3076Re: Cornford's Pythagoreanism
- Mar 2, 2010
>And often it's difficult to know exactly which "One" is being referred to in any given source, particularly when the Greek used is "monas". I tend myself to think of the two as "One" versus "one of two" but that's just my own shorthand.
> Dennis this is a most interesting query of yours, once again! There is
> indeed an intriguing tension within Pythagoreanism between monism (an
> indefinite dyad arising from some action by a One), and dualism (an original
> pair of Monad and Dyad), and this is inherited by Plato. There is a very
> interesting fragment of Speusippus (apud Proclus, In Parmenidem) relating to
> this, which you will readily find in my chapter on Speusippus in the Heirs
> of Plato. John
The scholarship on these Pythagorean issues I am finding is quite deep - Thesleff's introduction to his collection has a nice summary of the earlier work, starting in the 19th century, and there certainly is a good deal that was done in the earlier 20th, including all the work of Delatte, some of which is still in print, by the way. I don't really know how anyone can master all this - if you consider the two quite extensive books that Carl Huffman wrote just on Philolaus and Archytas, how complex the arguments can get on just two Pythagoreans. Burkert's Lore and Science is itself really quite dense with references on all the controversial issues, and then recently I have been looking also at the doxographical tradition, particularly some of what Jaap Mansfeld describes in his book on Hippolytus, and it's very complex too for the Pythagoreans. Many of the same ideas get repeated in these different sources, with variations here and there, but trying to get a grasp of any fairly clean lines of development of any one notion with a set chronology...Mansfeld is by the way against seeing Eudorus as a Pythagorean, making the point that he could easily report a Pythagorean doctrine without actually advocating it! An interesting idea, one I hadn't considered, that we may be too hastly to attribute concepts extant only in brief, doxographical sources.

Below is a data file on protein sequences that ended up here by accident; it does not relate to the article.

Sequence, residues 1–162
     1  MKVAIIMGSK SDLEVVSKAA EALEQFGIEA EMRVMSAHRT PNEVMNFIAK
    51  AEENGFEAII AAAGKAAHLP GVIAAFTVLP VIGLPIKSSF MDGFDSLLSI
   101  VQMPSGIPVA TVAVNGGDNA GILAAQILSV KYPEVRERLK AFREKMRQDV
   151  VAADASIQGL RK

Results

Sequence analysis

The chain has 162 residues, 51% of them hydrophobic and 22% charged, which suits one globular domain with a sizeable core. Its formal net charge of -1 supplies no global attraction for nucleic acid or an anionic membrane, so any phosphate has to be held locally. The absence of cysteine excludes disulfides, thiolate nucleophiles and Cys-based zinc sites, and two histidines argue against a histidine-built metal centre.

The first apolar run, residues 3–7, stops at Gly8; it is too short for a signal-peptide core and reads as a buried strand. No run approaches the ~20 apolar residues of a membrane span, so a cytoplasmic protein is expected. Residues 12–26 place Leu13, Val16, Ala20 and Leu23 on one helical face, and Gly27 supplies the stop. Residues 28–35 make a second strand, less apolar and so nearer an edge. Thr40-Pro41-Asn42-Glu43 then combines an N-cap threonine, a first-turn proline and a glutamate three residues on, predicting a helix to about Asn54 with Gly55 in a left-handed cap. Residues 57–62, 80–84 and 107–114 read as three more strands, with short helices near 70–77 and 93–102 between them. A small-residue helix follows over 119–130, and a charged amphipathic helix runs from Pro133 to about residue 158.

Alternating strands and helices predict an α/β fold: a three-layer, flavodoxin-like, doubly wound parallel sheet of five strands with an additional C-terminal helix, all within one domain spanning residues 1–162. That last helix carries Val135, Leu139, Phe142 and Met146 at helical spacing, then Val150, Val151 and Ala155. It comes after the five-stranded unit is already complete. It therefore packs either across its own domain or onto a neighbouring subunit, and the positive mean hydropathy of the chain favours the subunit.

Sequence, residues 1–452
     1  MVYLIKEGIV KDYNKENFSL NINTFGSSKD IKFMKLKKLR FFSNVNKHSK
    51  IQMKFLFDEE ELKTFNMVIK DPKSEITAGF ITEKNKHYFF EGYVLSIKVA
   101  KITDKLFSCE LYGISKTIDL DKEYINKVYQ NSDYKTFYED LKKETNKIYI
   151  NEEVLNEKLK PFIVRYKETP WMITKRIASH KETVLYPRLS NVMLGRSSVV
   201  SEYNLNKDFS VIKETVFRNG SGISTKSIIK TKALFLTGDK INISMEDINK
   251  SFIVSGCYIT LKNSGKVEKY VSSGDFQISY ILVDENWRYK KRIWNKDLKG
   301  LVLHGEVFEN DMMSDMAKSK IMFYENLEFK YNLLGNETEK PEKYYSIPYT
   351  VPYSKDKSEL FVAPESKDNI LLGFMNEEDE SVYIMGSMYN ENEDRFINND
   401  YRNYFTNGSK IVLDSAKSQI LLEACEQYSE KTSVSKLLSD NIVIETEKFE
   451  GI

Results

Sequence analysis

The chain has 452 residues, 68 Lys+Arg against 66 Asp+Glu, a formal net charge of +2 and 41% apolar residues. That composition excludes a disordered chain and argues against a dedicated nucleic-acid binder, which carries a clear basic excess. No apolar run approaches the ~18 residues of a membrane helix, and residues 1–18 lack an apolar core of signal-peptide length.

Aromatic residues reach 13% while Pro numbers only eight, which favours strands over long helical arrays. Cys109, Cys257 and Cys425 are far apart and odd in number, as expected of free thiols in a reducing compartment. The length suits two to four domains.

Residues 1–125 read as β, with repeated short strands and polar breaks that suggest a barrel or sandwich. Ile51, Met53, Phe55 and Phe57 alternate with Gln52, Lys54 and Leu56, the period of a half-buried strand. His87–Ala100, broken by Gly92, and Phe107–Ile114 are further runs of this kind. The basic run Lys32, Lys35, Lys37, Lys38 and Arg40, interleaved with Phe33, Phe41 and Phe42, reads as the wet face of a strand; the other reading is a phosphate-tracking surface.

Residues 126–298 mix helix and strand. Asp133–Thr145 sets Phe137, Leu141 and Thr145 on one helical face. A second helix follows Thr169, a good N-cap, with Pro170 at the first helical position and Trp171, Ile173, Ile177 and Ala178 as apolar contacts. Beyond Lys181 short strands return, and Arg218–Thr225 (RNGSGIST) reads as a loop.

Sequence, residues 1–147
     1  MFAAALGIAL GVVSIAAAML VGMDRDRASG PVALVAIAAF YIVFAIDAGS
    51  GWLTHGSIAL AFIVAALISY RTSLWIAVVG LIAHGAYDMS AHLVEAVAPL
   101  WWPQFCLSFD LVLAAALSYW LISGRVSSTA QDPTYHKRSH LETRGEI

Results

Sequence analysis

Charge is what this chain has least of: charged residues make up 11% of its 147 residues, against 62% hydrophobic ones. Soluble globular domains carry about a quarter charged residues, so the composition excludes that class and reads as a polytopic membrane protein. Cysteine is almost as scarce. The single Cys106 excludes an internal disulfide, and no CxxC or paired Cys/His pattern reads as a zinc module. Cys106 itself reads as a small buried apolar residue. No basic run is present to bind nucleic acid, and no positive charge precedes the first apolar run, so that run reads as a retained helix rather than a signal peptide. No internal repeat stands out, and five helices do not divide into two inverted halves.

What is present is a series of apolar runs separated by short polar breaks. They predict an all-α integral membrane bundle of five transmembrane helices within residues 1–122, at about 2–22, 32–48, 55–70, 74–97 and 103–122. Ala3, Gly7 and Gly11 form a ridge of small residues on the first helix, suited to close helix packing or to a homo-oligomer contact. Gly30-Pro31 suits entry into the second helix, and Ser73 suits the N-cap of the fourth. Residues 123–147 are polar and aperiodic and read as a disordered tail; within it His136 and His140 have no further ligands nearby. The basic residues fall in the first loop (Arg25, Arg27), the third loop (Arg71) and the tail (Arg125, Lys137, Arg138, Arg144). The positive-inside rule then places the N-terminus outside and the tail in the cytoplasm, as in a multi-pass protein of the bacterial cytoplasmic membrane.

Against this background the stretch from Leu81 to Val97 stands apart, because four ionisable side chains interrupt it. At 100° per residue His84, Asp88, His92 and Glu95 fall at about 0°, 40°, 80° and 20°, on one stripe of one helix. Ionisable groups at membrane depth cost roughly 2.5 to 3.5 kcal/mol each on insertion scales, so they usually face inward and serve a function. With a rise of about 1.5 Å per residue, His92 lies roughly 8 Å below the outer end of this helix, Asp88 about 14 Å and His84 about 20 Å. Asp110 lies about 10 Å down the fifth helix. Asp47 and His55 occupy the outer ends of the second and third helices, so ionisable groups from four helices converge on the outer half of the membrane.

As if it weren't already complicated enough.
Did Mansfeld and David Runia finish their study of Aetius? I know there is one volume from Brill. Is that a good place to start a more in depth study of the doxographical tradition? Til now I never really had much to deal with it, and I suppose it's the sort of thing most grad students pick up somehow along the way, but not being in philosophy proper I never really did.
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